Carmichael Lynch Adds a Riddle for 2008

Published on .

Most Popular
After holding senior creative positions at Fallon and Duffy Design, while also co-founding East coast collaborative agency MAKE, Tom Riddle brings his creative expertise to Midwest agency Carmichael Lynch. As group creative director, Riddle brings a non-traditional, medium-spanning outlook both in design and art direction--both of which have garnered the creative exec some awards along the way. For a few minutes, he speaks to Creativity about his new post, the allure of it and his dreams beyond the advertising world.

So why the move to Carmichael Lynch?

The big thing was just the move back to the Midwest, to get back to where I grew up. As far as the agency, you really get the feeling that the momentum is turning here. A big part of that is the people that are in place right now, like Mike Lescarbeau, who I worked with at Fallon, and Jim Nelson, whose work I've admired for a long time now.

We had worked together at Fallon, and I subsequently heard [Mike] was heading things up here, and Jim Nelson has done amazing work for a long time. Both are really good leaders. The big thing for me, a lot of the focus of my work has been on crossing the lines of most agencies. The way creative departments work, Carmichael Lynch was just really open to working in different ways, taking the best idea and moving it forward across different types of [areas] that are right for the client. That role was really perfect me because that's what I've been doing for the last six or seven years. It's a perfect fit for what I'm looking for.

What assets will you bring to Carmichael Lynch?

The big thing was the ability to take a great idea and extend that in a really consistent way across different disciplines. That sounds easier than it is. Working within the Fallon environment years ago, the trick was to try to get somebody that might have a design background or be good at print and extend an intriguing interactive idea. Clients just are not in the realm of doing [only] a print ad anymore, so I guess my background in design and art direction and working across interactive and different mediums was a good fit for Carmichael. They're really looking to define that as the way they approach each project. It always sounds like a great idea, but what you do with that idea is the crucial part. Just to bring that aesthetic and carry it across certain mediums was the key point.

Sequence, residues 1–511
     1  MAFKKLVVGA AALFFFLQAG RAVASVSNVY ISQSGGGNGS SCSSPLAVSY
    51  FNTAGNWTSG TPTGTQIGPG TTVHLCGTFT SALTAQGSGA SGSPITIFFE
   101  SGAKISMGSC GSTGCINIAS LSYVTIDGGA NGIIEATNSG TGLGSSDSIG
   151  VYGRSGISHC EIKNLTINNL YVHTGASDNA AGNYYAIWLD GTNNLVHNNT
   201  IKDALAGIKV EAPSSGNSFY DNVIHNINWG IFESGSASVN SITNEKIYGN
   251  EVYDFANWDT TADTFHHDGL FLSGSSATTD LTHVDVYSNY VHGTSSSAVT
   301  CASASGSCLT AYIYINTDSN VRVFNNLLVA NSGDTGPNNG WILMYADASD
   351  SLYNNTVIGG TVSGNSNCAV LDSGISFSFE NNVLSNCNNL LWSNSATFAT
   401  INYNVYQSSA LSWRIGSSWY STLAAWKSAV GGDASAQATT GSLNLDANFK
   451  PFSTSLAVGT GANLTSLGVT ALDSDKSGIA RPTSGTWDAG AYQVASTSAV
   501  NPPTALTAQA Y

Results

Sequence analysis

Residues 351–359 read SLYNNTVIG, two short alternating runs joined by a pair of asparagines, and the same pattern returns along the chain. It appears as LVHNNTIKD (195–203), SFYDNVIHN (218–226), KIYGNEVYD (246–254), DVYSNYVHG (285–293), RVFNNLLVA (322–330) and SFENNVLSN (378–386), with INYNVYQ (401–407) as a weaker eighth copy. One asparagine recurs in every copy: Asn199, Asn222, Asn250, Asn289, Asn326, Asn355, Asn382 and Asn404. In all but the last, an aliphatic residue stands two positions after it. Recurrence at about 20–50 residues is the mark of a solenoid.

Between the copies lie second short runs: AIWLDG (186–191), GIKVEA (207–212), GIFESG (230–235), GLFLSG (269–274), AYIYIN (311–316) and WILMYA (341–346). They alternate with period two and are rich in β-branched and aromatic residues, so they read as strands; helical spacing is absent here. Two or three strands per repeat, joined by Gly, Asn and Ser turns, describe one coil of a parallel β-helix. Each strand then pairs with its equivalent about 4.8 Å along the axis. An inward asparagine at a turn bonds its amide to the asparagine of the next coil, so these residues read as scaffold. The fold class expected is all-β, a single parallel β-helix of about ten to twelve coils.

They're pretty proactive about crossing non-traditional bounds.

For sure. The one thing I've always loved about Carmichael is they just seem to get to the whole of the brands they work on, whether it's Harley Davidson or just completely get it right away. That's still what it's all about here. What I can do is take that a little bit further into unconventional media and seed those spots in different areas that they're really set up for. It's taking it into those areas that really fit the client's needs. Instead of bringing a designer or art director and a guy that's done interactive, I've done all those thing so I really bring a unique perspective to those needs.

What was your favorite spot of 2007?

It's hard to say. I'm a little partial, but I think the stuff for Jack Links that Carmichael did was great. It's like beef jerky, and they had the sasquatch in it. It's definitely within the Midwest. I'm a huge fan of the Nike work that I see. It really seems to be consistent across the board. I had done a lot of Nike stuff from the last four years, so I guess I'm partial to the work that they do.

If you weren't in advertising, what would you be doing?

I think I'd be teaching. I'd probably be teaching some type of art. It's really the one thing that I love. When I went to art school, I was inspired by the people that taught me, just the value of bringing an artful eye to something. I have taught design and art direction classes, and I think if I wasn't doing this, I would continue doing that.

To discuss this article, visit the Creativity Forums.
In this article: